Everybody’s Got Choices
Build tools and task runners were invented to prevent human error and make your life easier. They can bring you workflow nirvana, or cost you countless hours of aggravation and misery. There are quite a few options getting love from developers these days, so choosing your side can certainly be overwhelming — especially when new options seem to be popping up every day!
Which tool is the best fit for you and your project? The short answer is any of them. If you’re at the point where you’re trying to automate your process then you’re already doing something right, so good on you! The long answer, however, brings us to the battle between Brunch and Gulp.
(You might also be curious about another tool called Grunt — check out our Grunt vs. Gulp comparison post here!)
Brunch entered the game in 2011 with two core principles in mind: keep it simple and make it speedy. It makes a few assumptions (see also: limitations) about your project, but in return it gives you an extremely simple project setup that runs incredibly quick.
Gulp is the “code over configuration” tool that won our hearts in the last showdown. It’s a super customizable tool with a pretty impressive plugin library that’s gained a lot of popularity in recent years.
Both of these tools are great, but there’s definitely pros and cons for each. We’re going judge these on five areas of importance — documentation, configuration, community, customization, and speed. Best three out of five takes the cake! (The cake is a lie.)
Tell me something good (documentation)
Brunch has a detailed set of documentation on its site that will get you up and running quickly. The detailed explanations behind core concepts cover getting started, installing plugins, installing JS modules, testing, and deploying. It’s organized, the information is well explained, and there are little brunch puns littered throughout (bonus!).
Gulp’s documentation is it a little bit harder to navigate. Visiting the “Docs” section of their website brings you to some documentation that resides in their GitHub repo, but there’s also an entire readme.io version of the information that’s somewhat overlapping but different. Overall, it’s pretty extensive, albeit a little less organized than Brunch’s. Much like the other, you’ll find a section on getting started with Gulp, and some information on using the API and CLI. There’s also a great jumpstart guide for writing your own Gulp plugin.
Winner: Brunch (barely)
Start me up (configuration)
This is where Brunch really shines. It makes a few assumptions about your project (outlined here), but also makes setting up your project a breeze. A typical config for Brunch might look something like this:
Conversely, Gulp makes no assumptions. You’ll need to tell Gulp everything about how it should run, but it’ll also be a lot more customizable this way. A typical Gulp set up might look something like this:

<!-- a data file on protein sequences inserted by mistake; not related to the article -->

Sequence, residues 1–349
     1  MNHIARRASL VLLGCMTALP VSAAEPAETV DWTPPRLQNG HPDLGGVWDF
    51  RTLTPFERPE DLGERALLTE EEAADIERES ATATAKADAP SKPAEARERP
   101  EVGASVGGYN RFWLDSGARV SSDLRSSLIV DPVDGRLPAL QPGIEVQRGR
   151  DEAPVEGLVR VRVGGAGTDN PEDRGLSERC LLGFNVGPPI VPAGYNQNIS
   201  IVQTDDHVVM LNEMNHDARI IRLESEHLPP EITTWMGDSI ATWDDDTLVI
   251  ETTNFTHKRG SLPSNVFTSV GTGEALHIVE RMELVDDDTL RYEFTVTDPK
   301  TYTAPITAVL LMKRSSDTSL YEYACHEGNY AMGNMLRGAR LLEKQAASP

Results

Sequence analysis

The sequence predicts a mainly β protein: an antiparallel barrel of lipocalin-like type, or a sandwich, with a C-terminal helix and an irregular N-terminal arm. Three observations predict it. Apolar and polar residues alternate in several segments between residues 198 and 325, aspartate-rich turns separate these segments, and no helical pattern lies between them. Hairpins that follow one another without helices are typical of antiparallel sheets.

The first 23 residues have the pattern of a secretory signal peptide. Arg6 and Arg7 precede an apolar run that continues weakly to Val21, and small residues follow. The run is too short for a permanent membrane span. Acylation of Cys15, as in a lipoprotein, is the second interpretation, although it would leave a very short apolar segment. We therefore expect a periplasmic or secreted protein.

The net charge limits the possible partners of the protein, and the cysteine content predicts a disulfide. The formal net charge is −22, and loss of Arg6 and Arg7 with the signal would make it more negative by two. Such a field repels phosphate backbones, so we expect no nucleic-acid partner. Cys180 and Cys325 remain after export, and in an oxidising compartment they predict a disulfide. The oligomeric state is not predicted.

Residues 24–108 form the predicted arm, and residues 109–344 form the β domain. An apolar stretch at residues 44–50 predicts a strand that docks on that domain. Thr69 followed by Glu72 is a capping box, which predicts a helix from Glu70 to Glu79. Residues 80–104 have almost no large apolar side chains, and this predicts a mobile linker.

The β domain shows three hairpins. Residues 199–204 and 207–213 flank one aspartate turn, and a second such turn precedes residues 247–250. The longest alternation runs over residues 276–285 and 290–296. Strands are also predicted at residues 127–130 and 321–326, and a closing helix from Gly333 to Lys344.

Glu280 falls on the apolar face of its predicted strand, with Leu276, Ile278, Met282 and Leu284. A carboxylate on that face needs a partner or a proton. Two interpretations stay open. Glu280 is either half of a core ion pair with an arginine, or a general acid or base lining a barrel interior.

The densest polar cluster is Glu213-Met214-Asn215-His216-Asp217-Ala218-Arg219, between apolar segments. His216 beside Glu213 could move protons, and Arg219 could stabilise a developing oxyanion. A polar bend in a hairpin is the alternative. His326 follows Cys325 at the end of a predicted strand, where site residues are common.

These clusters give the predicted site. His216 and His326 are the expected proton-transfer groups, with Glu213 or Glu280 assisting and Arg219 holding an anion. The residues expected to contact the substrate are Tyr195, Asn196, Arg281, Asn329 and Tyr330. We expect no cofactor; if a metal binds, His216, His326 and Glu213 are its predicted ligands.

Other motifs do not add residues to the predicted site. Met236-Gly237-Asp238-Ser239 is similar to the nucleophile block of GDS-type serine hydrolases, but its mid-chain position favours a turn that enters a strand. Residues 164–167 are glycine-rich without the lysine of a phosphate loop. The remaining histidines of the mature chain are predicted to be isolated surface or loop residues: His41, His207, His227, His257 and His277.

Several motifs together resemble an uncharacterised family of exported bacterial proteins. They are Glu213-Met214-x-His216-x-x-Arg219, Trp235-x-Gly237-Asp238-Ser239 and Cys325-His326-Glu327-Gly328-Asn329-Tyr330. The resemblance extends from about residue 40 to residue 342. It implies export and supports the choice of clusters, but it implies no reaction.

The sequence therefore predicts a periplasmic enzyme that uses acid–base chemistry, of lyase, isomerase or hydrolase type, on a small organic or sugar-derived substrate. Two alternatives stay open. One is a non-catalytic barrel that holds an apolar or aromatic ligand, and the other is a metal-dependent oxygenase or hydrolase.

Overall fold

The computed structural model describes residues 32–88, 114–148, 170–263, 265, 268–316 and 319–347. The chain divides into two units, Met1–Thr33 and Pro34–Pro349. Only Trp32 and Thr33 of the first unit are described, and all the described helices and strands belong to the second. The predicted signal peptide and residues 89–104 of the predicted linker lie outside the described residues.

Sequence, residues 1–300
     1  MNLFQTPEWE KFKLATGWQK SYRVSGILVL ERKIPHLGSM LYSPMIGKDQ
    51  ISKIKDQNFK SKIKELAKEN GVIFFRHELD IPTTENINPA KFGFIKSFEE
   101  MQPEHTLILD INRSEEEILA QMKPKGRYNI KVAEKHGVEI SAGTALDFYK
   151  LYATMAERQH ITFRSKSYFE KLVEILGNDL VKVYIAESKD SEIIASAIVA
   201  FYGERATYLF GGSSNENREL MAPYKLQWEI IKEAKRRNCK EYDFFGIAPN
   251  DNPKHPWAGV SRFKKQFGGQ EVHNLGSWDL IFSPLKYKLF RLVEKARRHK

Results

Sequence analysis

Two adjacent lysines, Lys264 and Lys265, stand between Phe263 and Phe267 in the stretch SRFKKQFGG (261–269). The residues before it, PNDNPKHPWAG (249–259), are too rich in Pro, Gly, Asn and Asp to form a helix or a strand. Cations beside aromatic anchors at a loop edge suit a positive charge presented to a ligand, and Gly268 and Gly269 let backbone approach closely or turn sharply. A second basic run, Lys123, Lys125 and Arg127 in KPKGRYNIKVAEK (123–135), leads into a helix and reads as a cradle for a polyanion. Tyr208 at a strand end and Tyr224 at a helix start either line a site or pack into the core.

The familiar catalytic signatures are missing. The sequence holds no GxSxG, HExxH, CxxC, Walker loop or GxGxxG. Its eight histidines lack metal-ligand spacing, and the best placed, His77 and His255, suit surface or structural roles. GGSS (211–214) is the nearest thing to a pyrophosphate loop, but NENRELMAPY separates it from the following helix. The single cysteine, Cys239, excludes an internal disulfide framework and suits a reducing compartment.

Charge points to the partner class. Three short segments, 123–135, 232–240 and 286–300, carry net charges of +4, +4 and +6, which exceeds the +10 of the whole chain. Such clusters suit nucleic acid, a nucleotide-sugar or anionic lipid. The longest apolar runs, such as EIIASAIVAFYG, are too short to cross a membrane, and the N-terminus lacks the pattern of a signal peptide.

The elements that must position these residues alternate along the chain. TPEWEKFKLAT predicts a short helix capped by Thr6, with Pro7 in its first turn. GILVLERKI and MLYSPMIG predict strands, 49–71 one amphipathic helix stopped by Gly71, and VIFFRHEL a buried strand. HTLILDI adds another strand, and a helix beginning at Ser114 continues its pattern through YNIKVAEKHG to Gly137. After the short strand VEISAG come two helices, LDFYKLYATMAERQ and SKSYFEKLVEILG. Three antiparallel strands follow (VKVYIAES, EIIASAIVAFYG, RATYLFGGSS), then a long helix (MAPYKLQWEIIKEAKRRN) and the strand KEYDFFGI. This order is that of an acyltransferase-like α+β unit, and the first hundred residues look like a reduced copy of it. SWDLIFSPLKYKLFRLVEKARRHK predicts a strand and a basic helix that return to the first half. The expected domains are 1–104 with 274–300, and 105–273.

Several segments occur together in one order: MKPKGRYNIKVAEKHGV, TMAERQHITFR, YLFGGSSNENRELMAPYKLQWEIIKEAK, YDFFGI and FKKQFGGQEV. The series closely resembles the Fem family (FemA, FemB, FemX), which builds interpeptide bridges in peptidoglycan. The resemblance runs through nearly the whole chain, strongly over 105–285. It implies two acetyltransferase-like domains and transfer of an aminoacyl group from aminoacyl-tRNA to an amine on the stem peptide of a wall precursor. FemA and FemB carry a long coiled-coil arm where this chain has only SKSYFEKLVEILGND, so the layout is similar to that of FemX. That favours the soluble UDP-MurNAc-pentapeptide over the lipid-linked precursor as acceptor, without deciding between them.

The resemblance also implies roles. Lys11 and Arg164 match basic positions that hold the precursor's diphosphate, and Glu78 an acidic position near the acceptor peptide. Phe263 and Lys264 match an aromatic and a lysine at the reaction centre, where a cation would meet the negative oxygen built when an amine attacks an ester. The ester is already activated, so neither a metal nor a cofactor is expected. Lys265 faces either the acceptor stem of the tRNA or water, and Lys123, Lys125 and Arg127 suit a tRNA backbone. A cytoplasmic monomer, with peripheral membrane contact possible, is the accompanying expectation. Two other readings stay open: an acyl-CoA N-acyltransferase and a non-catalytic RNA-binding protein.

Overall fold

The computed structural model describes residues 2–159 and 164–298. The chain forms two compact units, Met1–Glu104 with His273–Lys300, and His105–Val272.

I get by with a little help from my friends (community)
Brunch currently has just under 100 plugins to its name, while Gulp has upwards of 2,800. The wide difference here may be due, in part, to the fact that Brunch gained NPM support somewhat recently. Gulp also went out of their way to make plugin documentation easily accessible for developers, which may have also been a factor.
For any questions or issues you might have, Brunch has an active online forum you can post to and Gulp has a similarly active IRC channel. Both tools have active participants in Stack Overflow as well.
You can have any color you want, as long as it’s black (customization)
Brunch is relatively limited in this category. As we mentioned earlier, it simplifies the setup process tremendously by making some basic assumptions about the setup of your project. Unfortunately, if you’re project is exceptionally unique it might be quite a headache trying to customize Brunch to work with what you’ve got.
Conversely, Gulp really shines here. The configuration file is definitely more demanding than Brunch’s, but it offers pretty much unlimited flexibility. You can control just about every aspect of the task runner through the many options made available to you in the Gulp API and CLI documentation. And, of course, those 2,800+ plugins don’t hurt either.
If you’re not first, you’re last (speed)
Both of these tools are impressively speedy. Brunch makes speed one of its top priorities, and it uses incremental builds by default to filter out unchanged files in concurrent build processes, which makes it hands down one of the quickest processes we’ve worked with. Gulp also has the option of running incremental builds, but it requires you to set it up that way. (You can see how to do that here.) Even without that setup, Gulp runs a pretty efficient process overall by using node streams to prevent the potential bog down from writing intermediary files.
And the winner is…
Brunch! But not by much. Your choice here will really depend on what you’re looking for in your build tool. Brunch is definitely the simpler option to get set up quickly, and it works well for us here at Oomph. If you’re the type of person who likes to control every aspect of your build or you have a really complicated and customized project setup, Gulp is probably the better choice for you. At the end of the day, what really matters is that you’re automating your process. The tool you use can certainly have an effect, but doesn’t make too much of a difference — go do it!